LITCHFIELD — Officials in the five towns surrounding Cobbossee Lake are brainstorming solutions to the Eurasian watermilfoil infestation, including working with local marina owners to have a trained invasive species boat inspector on site.

The invasive Eurasian watermilfoil has threatened Cobbossee Lake, also known as Cobbosseecontee, since 2018. Just one fragment of this plant can quickly spread and take over a lake, hurting the aquatic flora and fauna, endangering swimmers, hindering boaters, and reducing property values.

Following a recent meeting between the CYC Lake Association, Friends of the Cobbossee Watershed, and the five towns surrounding the 8.7-square-mile lake (Litchfield, Manchester, Monmouth, West Gardiner and Winthrop), Litchfield officials discussed their options moving forward.

According to the lake association, the combined value of shoreline property along the lake exceeds $700 million.

A 2010 study showed that the presence of the Eurasian watermilfoil can reduce property values by 16%, meaning a potential $100 million loss for the Cobbossee Lake properties.

In 2019, the Maine Department of Environmental Protection treated the lake with the herbicide ProcellaCOR, which only targets invasive plants. However the watermilfoil was discovered once again in the northeast corner of the lake in 2020 and, in late 2021, a fragment of the plant was discovered as far down as Farr’s Cove, which is roughly halfway down the lake.


Litchfield Town Manager Kelly Weissenfels said during a Monday selectmen meeting that he and selectperson Rayna Leibowitz attended the joint meeting, and that some of the surrounding towns have begun creating ordinances that would require local marina owners to have a trained invasive species boat inspector on site.

“They thought it would be helpful if they expanded that to include any private organizations with a boat ramp,” said Weissenfels, “and for us that would mean Birches (Lakeside Campground).”

Leibowitz said the ordinance would need to be adopted by the community. If the ordinance does require an individual on the site inspecting watercraft, then the campground would need to hire or train staff to inspect boats for the watermilfoil.

Weissenfels on Wednesday said the board considered alternatives to the ordinance.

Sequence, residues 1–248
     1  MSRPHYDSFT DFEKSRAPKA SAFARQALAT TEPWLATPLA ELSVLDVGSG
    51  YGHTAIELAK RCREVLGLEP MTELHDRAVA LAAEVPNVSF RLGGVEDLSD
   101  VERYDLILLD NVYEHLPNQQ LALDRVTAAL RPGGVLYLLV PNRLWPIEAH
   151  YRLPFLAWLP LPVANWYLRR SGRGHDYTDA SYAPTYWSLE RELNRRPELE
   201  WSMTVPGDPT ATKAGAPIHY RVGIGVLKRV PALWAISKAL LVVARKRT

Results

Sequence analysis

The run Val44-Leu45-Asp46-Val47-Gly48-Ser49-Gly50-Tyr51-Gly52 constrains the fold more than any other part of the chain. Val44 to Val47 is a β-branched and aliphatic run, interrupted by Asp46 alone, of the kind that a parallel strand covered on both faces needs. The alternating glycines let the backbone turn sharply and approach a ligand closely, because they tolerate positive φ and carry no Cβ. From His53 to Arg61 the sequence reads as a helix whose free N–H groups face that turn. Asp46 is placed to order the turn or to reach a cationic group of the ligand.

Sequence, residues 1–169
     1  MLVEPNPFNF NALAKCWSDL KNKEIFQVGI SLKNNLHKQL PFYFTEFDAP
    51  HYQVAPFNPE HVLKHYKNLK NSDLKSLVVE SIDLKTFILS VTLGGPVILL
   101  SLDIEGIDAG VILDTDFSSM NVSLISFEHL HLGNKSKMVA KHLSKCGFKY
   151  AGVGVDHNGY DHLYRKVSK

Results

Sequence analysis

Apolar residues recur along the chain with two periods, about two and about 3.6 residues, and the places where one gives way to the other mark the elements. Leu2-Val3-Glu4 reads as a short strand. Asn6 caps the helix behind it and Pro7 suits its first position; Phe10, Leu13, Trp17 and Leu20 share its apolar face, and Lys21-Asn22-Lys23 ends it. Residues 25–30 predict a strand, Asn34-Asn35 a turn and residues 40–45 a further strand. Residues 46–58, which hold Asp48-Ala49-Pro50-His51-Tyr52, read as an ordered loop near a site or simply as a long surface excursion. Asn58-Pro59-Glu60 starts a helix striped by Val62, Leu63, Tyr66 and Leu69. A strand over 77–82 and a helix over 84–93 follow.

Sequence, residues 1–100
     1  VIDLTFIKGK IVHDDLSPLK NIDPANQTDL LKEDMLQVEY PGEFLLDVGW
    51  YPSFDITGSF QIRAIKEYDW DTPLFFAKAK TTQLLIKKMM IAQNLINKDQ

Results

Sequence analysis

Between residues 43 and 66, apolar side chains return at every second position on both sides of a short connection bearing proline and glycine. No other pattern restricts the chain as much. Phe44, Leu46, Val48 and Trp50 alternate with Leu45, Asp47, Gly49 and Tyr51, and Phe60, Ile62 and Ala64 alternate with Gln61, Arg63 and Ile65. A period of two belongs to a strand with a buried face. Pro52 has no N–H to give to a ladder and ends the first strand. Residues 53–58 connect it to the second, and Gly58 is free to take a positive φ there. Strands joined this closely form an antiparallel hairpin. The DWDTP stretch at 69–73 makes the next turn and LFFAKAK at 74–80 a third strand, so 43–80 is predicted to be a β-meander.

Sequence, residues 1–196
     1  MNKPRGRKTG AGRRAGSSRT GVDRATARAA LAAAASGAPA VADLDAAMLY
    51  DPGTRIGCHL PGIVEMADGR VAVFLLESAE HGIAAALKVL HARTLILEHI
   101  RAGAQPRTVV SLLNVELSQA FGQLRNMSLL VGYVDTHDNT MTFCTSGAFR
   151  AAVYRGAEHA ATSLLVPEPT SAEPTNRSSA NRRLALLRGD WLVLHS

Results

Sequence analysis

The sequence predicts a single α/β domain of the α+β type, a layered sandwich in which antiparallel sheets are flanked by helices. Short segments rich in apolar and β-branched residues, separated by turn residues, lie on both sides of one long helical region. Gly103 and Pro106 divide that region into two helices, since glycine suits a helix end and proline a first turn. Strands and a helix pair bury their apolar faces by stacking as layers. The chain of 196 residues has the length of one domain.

“There may be a different solution in working with those businesses,” he said, “rather than having an ordinance, but being able to get some cooperation from them without having a demand.”

He added that all of the board’s discussion on Feb. 14 was preliminary, and that no final decisions have been made.


“For Litchfield, it’s really a matter of how we can best work with local businesses so we don’t put roadblocks in their way, but at the same time making sure everyone is acting responsibly,” he said. “Birches Lakeside Campground has been great, and they’ve been expanding recently. We want to do everything we can, and I’m sure they realize this is in their best interest, so we’ll be talking with them as well.”

Philip Roy, general manager of Birches Lakeside Campground, said that while the town hasn’t been in touch yet, he is very supportive of efforts to eradicate milfoil on the lake.

Roy is particularly close to the issue, as he worked as a milfoil diver with the Little Sebago Lake Association for 18 years.

“I have a very personal knowledge of milfoil, Eurasian and others, so when they were trying to eradicate it on the north end of the lake, we were very much involved in that,” he said. “We’re very supportive of any efforts to eradicate it sooner than later.”

Weissenfels said the second item of discussion brought up during the group meeting was dedicating a portion of the each town’s boat excise revenue toward efforts to protect the lakes.

Selectman Gary Parker said Litchfield’s boat excise money, which averages out to about $8,000 a year, likely wouldn’t go far, especially considering the amount of time and work required to fight the invasive plant.


The CYC Lake Association found that lakes of a similar size with Eurasian watermilfoil have required between $200,000 and $400,000 annually to control the infestation.

Weissenfels said the town could consider evaluating the costs of investing in the aforementioned options versus the negative impact the invasive species would have on the town’s property values.

“I think it’s probably a good thing, but I also think that we need to make sure that it’s not impacting our tax dollars in a huge way,” said Parker, “because I think we have an ample amount of things to spend our money on.”

The town, according to Weissenfels, already pays $3,750 annually to the Tacoma Lakes Association and the CYC Lake Association, in addition to $5,000 for the FCW’s diver-assisted suction harvester (DASH) boat program. The DASH boat, which has a vacuum that ensures broken bits of the plant don’t continue to spread, was used on variable leaf milfoil in Litchfield’s Pleasant Pond.

Litchfield’s future plans regarding the lake will begin to solidify as the selectboard begins discussing the municipal budget. Weissenfels said budget discussions will begin at the board’s next meeting.

He said that while a date has not been set for the next joint meeting between the communities and lake organizations, it will likely occur within the next month.

“I think it’s going to be an interesting discussion,” said Leibowitz, “to see everybody come together with suggestions and brainstorming.”

As a milfoil diver, Roy said he’s seen lakes completely overtaken by invasive plants, and hopes Cobbossee Lake never reaches this point.

“I remember pulling 300 to 400 bags (of milfoil) a day,” he said. “I’ve seen it so that you literally couldn’t see your hand in front of your face. I would never want to see Cobbossee in that light; it would just be devastating to the economy, the taxpayers and the towns.”

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